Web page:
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Thread: New City Island Bridge

  1. #1

    Default New City Island Bridge

    August 20, 2003


    Mayor Michael R. Bloomberg today announced plans for a new state-of-the art bridge to replace the more than 100-year old bridge that connects City Island to the rest of the Bronx. *On a tour of the promenade on City Island, the Mayor announced an ambitious project designed to benefit the residents and businesses of the island community. *The City’s Department of Transportation (DOT) will build a new, mast-type Cable Stayed Bridge with a single tower founded on the mainland side. *The new Bridge will carry one lane of traffic in each direction as well as one emergency lane in each direction.

    “City Island deserves a bridge as unique as the island itself,” said Mayor Bloomberg. “The plans for the new structure are truly striking and while I understand the sentimental value that the old bridge has for some members of this community, it was over 100 years old and in need of repair.”

    This bridge will be built at the same footprint of the old bridge. *A temporary vehicular bridge will be constructed on the south side of the existing bridge to provide vehicular and pedestrian access to and from City Island during construction of the new bridge. Preliminary design on the new Bridge began this month and the final design is expect in August 2004. *Construction will begin as soon as possible; DOT estimates the capital construction costs to be $32 million.

  2. #2


    It seems no new bridge for now. The picture of City Island Bridge taken today.

  3. #3
    Forum Veteran MidtownGuy's Avatar
    Join Date
    Mar 2005
    East Midtown


    I have never been to City Island. Is it worth a subway and bus ride? ( I don't have a car).
    I wonder if there is a walkable pedestrian area or is it just a bunch of spaced out houses. I thought it might make a nice summer day trip. I have not had luck finding good pictures.

  4. #4


    ^ As dense as it gets:

    The name leads you to expect more. Property owners want to keep it permanently somnolent.

  5. #5


    Density per square mile:

    Chicago - 12,470
    Boston - 12,160
    City Island - 11,400

  6. #6


    City Island is absolutely worth the trip. A slice of New England in the Bronx. Great seafood places too. though tad overpriced.

  7. #7


    Quote Originally Posted by ZippyTheChimp View Post
    Density per square mile:

    Chicago - 12,470
    Boston - 12,160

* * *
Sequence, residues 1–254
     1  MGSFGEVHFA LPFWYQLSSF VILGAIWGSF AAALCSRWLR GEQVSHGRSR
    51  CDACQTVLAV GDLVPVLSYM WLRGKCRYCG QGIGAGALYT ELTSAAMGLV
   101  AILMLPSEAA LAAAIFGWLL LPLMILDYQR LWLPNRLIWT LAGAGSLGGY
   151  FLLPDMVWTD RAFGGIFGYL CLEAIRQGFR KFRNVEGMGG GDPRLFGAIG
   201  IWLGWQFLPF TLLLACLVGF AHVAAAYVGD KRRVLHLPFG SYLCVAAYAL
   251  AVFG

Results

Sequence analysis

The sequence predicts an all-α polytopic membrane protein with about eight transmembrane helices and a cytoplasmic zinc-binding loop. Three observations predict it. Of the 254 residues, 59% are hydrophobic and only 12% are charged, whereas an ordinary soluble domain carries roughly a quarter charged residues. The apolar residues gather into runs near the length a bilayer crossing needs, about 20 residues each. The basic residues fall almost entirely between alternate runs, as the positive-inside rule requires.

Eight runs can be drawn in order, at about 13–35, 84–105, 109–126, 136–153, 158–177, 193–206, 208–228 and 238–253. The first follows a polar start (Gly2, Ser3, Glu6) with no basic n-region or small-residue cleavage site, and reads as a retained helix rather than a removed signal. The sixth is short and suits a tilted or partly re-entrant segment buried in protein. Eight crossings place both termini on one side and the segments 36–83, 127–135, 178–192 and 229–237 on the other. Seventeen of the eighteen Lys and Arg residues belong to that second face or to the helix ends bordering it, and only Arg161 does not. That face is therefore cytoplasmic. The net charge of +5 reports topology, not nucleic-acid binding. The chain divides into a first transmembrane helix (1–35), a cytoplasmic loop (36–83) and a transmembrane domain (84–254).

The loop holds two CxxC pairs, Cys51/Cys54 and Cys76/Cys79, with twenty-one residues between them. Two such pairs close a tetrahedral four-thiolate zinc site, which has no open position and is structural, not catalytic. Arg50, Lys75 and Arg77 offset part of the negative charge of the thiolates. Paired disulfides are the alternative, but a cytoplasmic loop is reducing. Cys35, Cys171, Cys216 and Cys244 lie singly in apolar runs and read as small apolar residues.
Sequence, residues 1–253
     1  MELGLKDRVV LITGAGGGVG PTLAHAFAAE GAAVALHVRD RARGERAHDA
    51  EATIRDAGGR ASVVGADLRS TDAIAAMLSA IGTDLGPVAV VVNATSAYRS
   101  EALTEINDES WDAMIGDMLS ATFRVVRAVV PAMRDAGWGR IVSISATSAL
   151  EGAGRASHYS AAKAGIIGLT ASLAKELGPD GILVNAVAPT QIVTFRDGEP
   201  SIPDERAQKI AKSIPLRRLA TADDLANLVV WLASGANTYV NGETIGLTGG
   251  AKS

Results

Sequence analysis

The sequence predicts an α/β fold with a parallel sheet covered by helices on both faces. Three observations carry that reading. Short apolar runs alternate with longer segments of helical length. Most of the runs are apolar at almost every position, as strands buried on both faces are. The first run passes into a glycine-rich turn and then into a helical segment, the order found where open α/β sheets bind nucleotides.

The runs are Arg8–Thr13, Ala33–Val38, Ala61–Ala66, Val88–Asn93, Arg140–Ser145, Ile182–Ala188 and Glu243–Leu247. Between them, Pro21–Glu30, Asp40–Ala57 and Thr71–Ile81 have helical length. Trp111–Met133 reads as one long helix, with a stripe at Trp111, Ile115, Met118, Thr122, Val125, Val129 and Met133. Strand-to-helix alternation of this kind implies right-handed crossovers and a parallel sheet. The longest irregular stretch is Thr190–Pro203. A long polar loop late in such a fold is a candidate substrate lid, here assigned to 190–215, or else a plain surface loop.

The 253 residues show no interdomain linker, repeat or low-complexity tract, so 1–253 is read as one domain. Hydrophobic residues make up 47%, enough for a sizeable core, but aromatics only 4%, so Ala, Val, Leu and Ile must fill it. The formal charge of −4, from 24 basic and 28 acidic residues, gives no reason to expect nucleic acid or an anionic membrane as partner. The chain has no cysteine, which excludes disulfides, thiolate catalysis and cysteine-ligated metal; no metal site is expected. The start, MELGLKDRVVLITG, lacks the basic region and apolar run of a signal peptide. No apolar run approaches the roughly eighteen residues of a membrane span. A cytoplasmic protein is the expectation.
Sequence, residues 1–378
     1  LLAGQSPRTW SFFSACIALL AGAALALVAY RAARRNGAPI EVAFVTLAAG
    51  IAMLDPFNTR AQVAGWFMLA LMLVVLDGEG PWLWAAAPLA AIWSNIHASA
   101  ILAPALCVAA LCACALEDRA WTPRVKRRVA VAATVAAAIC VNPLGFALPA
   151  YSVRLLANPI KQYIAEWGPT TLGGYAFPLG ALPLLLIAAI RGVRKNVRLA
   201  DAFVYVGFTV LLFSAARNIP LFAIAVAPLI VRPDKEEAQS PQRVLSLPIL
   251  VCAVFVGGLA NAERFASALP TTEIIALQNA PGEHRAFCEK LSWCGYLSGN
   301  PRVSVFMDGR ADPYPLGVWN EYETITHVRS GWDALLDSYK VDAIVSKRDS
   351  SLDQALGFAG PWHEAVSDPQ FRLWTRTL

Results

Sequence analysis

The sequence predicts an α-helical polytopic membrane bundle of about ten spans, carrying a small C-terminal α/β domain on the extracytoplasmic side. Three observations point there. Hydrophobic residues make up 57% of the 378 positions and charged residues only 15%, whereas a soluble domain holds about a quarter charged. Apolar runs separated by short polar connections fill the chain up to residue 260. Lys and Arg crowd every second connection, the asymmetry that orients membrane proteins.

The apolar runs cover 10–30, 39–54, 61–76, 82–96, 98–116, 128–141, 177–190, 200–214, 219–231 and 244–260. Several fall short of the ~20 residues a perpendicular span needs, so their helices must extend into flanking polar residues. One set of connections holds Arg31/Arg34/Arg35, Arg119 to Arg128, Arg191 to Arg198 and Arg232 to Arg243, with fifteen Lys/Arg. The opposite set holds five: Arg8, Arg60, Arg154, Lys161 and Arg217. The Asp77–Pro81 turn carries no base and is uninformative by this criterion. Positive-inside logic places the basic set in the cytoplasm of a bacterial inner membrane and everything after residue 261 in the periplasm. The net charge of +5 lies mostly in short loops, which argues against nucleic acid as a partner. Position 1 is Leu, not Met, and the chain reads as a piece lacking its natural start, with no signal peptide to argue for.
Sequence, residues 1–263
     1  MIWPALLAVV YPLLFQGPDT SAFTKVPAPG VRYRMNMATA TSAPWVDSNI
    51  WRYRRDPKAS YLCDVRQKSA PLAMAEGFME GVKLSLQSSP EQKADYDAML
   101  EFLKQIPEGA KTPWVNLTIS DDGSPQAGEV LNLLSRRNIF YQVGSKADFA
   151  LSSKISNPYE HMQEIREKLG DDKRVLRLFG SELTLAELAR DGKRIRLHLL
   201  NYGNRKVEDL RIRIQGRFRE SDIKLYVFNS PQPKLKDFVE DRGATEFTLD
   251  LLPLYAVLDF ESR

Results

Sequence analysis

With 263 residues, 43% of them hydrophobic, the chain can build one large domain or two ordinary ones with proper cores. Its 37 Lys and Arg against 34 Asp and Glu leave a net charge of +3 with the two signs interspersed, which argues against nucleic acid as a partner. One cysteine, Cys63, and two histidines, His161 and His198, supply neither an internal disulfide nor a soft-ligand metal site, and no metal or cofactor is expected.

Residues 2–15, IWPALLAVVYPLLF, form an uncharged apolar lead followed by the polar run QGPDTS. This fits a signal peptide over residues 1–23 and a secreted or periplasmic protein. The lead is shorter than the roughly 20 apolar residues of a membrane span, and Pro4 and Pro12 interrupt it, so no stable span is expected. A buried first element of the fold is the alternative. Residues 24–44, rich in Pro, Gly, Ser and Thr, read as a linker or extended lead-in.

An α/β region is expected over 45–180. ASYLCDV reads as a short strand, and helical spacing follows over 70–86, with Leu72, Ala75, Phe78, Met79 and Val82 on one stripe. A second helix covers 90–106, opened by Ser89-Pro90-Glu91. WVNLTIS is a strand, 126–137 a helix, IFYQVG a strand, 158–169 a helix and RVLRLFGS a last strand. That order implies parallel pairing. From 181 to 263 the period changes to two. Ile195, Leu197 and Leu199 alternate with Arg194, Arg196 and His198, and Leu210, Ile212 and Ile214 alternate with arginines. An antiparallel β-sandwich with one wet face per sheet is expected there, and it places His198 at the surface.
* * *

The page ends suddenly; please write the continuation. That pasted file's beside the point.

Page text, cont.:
City Island - 11,400
    New York City - 27,147
    Manhattan - 69,873
    Union City - 52,978

  8. #8


    Quote Originally Posted by MidtownGuy View Post
    I have never been to City Island. Is it worth a subway and bus ride? ( I don't have a car).
    I wonder if there is a walkable pedestrian area or is it just a bunch of spaced out houses. I thought it might make a nice summer day trip. I have not had luck finding good pictures.

    It's worth the trip...very suburban with great views of Long Island sound, and other nearby islands such as Hart Island, but of course, not directly accessible by subway. Nearest subway stop is "Pelham Bay Park" on the 6 train. You can get there by bus on the BX 29 which is about a block from the Pelham Bay Park stop on the 6 train. The bus route takes you down the whole island via City Island Avenue. Besides the many seafood restaurants such as Seafood City, Lobster Box, and Sammy's Fishbox, expect to also fine some boutiques.
    Last edited by NYC4Life; June 14th, 2008 at 03:13 AM. Reason: added some restaurants

  9. #9
    Jersey Patriot JCMAN320's Avatar
    Join Date
    May 2003
    Jersey City


    Nice a friend of mine was thinking of moving there and his new wife loved it. But it never materialized. I went out to check out the house with him, I loved it very nice place.

  10. #10
    NYC Aficionado from Oz Merry's Avatar
    Join Date
    Oct 2002


    City makes it official: California-based Tutor Perini will build futuristic $102M bridge to City Island

    Residents say it looks like a giant Honda logo. But the cable-stayed bridge will be the first of its kind in the state.

    By Denis Slattery

    In 2009, this was how planners imagined the bridge. The current design is similar.

    The city has picked a California company to build a controversial new $102 million bridge to link City Island to the mainland.

    Tutor Perini will replace the antiquated span with a futuristic cable-stayed bridge that many residents say is out of context with the island's rustic charm.

    "It's not just a design issue, it will change the character City Island," said Barbara Dolensek, vice president of the City Island Civic Association, citing not only the modern look, but the extra lane of traffic the bridge will carry in each direction. “The residents have been ignored from the beginning of this process.”

    The new bridge, crowned by an off-center 180-foot high H-shaped tower, has been compared to a giant Honda logo.

    "They tried to say it looks like a sailboat, which is absurd," added Dolensek.

    The structure would dwarf the one- and two-story Victorian homes, bait shacks and seafood restaurants on the island.

    Councilman James Vacca (D-City Island) and Borough President Ruben Diaz Jr. have both objected to the bridge project, demanding a formal land use review and public scrutiny.